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Ticket Tax Will Damage Tourism and Devastate Shannon Says Ryanair

Air Transport News 17 Oct.08

Source: Ryanair 17/10/2008

Ryanair today (17th Oct) condemned the Government’s discriminatory €10 ticket tax as regressive, damaging to the Irish tourism industry (when visitor numbers are already falling) and devastating for Shannon where passengers and visitors are now facing a 100% rate of tax. The Government should realise that they can’t tax the tourism industry out of recession, they need to stimulate it.

Ryanair confirmed it would be seeking an urgent meeting with the Minister for Transport, to outline the devastating consequences for Shannon Airport’s traffic of this regressive tourist tax which will more than double the average air fare paid by visitors to Shannon throughout the Winter months.

Ryanair, is not opposed to a travel tax in principle (to help the Irish economy weather the current recession) and explained that this measure will only hit less than 15% of Ryanair’s total passenger numbers, but called for the restructuring of this tourist tax and other measures to create even greater savings for the Government as follows:

1. Ryanair calls for the ticket tax to be extended to passenger traffic on ferries, in order to level the playing field between aircraft and ferry traffic.

2. Ryanair calls on the Government to change the regressive flat rate tax into a progressive percentage tax of the fare paid. This would raise the same amount of revenue, but with a higher proportion of tax paid by higher fare business and transatlantic passengers, and a lower amount of tax paid on low fares tickets bought by price sensitive, lower income passengers. It is entirely unjust that a business passenger travelling across the Atlantic paying a €3,000 air fare is paying the same €10 ticket tax as a €10 fare passenger travelling on a tight budget.

3. Ryanair calls for the Government owned DAA monopoly to reduce its passenger taxes by 50% per departing passenger in order to reduce the double taxation being faced by departing passengers at Dublin Airport. It is entirely unfair that passengers are being taxed twice at Dublin Airport, once by the Government’s airport monopoly for €15 a departing passenger and now a second time by the Government with this €10 ticket tax.

4. Ryanair also calls on the Government to dispense with this ticket tax altogether and avoid damage to Irish tourism and instead raise even more money by:

a. Scrapping the current absurd PSO subsidy scheme which will save €16m p.a.

b. Closing Failte Ireland, the tourism quango which has a budget of more than €150m annually, but doesn’t deliver one additional visitor to this country.

Ryanair confirmed that it will now enter into discussions with Shannon Airport about the future viability of its 2 million passenger base there. Whilst passenger numbers and fares are viable at Shannon during the Summer months, the vast majority of passengers flying to/from Shannon during the Winter months are loss making since they pay an average fare of less than €10, and so this devastating travel tax will more than double the air fares these visitors pay and will see Winter traffic collapse at Shannon Airport next year.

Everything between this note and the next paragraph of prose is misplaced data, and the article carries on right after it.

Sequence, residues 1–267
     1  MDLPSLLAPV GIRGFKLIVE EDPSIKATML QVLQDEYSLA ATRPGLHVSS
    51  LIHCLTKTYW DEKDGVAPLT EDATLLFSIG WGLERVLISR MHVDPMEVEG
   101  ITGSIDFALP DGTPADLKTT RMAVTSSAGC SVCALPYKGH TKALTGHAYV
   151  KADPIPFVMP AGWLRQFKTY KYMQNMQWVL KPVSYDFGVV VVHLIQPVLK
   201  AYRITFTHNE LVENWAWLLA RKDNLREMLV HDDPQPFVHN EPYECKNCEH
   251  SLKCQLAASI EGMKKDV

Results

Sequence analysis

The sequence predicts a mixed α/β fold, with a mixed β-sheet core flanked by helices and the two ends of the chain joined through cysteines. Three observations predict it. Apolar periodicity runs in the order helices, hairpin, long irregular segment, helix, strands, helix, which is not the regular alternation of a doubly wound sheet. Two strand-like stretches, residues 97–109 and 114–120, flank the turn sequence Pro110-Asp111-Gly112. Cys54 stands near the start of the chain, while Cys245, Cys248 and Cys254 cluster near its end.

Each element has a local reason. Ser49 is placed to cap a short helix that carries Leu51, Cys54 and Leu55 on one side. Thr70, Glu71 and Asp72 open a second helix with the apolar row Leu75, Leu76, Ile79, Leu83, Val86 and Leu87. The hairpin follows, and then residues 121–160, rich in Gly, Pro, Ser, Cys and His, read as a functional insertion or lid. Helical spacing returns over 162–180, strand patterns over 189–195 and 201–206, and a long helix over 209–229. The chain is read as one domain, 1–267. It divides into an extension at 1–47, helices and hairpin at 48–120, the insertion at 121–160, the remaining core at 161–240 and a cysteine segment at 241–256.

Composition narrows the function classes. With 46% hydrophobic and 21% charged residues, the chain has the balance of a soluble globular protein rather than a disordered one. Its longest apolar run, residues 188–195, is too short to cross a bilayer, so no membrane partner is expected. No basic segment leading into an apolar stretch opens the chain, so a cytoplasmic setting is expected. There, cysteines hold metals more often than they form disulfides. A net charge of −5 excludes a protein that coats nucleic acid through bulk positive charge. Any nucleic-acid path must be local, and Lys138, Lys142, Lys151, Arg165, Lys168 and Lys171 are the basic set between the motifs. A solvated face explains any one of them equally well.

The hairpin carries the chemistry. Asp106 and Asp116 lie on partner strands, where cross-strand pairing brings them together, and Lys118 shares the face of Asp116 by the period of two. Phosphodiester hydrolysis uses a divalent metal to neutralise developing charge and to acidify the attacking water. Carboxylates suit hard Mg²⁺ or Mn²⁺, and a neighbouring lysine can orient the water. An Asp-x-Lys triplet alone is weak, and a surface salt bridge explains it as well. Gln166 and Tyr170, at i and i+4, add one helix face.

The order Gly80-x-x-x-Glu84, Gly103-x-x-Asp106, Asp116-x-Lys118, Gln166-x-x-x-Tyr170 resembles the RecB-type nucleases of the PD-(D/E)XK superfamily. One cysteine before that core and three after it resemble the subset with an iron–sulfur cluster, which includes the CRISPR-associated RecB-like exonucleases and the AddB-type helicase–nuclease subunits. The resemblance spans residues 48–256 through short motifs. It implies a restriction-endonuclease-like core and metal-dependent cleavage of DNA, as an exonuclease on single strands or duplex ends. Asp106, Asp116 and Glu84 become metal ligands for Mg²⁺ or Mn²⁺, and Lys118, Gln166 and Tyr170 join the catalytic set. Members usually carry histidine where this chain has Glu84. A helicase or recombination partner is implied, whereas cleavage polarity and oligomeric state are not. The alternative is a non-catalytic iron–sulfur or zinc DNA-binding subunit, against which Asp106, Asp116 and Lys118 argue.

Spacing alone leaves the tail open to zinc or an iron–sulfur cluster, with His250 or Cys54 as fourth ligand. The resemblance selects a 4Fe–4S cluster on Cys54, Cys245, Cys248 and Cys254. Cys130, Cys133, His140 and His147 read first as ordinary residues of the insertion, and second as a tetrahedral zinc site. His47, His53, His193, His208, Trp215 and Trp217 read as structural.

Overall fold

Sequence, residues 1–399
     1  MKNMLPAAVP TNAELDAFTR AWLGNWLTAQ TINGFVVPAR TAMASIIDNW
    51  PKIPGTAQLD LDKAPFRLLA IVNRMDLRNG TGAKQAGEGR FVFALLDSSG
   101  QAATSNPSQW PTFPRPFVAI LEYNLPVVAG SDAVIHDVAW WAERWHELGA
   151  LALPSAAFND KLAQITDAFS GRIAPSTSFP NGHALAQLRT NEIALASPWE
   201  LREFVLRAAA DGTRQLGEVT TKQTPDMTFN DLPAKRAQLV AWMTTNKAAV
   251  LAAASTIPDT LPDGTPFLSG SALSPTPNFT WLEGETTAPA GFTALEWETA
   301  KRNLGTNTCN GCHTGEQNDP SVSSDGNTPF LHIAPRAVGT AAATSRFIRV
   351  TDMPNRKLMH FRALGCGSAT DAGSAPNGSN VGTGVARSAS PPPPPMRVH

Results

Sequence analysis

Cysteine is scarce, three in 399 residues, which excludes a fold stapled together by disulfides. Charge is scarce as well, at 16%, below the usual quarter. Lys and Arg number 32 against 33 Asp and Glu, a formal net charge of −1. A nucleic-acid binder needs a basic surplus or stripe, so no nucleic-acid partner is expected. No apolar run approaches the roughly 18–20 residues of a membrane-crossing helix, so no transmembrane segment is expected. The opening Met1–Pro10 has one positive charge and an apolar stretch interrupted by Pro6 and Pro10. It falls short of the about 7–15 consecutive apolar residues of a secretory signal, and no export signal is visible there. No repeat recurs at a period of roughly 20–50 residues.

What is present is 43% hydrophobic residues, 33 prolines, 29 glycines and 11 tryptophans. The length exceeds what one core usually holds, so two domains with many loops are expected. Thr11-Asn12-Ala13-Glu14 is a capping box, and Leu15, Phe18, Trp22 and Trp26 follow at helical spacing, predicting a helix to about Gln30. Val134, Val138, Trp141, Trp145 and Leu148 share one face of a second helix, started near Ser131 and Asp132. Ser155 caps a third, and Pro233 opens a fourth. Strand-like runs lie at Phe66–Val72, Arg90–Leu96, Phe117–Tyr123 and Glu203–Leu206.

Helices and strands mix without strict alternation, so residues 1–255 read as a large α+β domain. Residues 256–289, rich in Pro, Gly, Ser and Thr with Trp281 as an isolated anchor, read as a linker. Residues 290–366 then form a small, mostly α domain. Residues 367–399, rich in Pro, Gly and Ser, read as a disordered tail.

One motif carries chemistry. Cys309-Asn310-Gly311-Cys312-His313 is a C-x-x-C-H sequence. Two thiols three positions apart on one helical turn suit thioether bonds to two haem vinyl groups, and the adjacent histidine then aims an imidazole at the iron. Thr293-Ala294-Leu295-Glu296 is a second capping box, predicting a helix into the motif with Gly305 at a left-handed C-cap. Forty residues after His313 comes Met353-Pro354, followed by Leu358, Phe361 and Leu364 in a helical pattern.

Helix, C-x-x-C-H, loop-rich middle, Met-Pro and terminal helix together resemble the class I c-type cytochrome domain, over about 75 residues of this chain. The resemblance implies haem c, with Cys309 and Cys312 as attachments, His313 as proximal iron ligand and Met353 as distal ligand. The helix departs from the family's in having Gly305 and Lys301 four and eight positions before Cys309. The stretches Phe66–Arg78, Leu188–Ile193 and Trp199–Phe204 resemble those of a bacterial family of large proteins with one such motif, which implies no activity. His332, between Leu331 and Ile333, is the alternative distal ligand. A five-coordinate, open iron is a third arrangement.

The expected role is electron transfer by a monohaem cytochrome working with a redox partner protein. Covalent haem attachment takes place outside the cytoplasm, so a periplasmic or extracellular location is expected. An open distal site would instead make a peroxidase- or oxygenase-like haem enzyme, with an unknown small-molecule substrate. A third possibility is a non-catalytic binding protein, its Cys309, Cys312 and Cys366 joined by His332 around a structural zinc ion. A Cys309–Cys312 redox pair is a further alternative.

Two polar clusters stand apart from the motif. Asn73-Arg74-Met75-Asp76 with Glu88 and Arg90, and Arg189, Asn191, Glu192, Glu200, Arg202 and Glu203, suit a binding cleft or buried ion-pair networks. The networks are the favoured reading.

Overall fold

Calling today for an urgent rethink on this tourism tax, Ryanair’s Michael O’Leary said:

“This Government must realise that it can’t tax the tourism industry out of a recession. As Ryanair has repeatedly shown, the tourism industry can only grow and thrive if it has lower access costs and not idiotic regressive taxation which hits the poorest most price sensitive passengers, while rewarding business class fat cats for whom this €10 travel tax means nothing.

“This Government through its DAA airport monopoly is already strangling tourism and visitor numbers with a €15 departure tax at Dublin Airport. The Government now intends to tax Dublin’s passengers on the double. Any passenger tax should be reflected by a substantial reduction in the DAA’s excessive €15 passenger tax.

“Our greatest concern is the devastation this regressive tax will have on our Shannon base, which we have grown to almost 2 million passengers annually over the past 5 years, but at average fares which are less than €10 during the Winter, this Government is insane if it thinks these price sensitive passengers will pay a tax rate of over 100%. If this tourism tax isn’t changed, there will be tumbleweed rolling down the runway at Shannon Airport next Winter (‘09/’10), but it is nothing more than this Government will deserve for this crazy decision to tax the tourism industry at a time of recession.

“The small revenues which this tourism tax can generate can easily be obtained by reducing spending such as cancelling the absurd waste of PSO subsidies (under which business people are subsidised to the tune of €100 per ticket on unsustainable domestic routes) or closing Failte Ireland which will save more than €150m annually for the Government by scrapping a body that doesn’t deliver one additional visitor into this country.

“It is not unreasonable during the current downturn that each citizen or industry should share a fair burden of pain. However no other industry is being taxed by this Government in the way that the tourism industry is, and no other consumers are being asked to pay a 100% rate of tax, as (in this case) visitors to/from Shannon are. This Government must realise that it can’t tax its way out of a recession. The tourism industry is in recession, visitor numbers are declining and this decline will turn into a collapse next year if this regressive and anti-visitor tax is not cancelled or restructured”.

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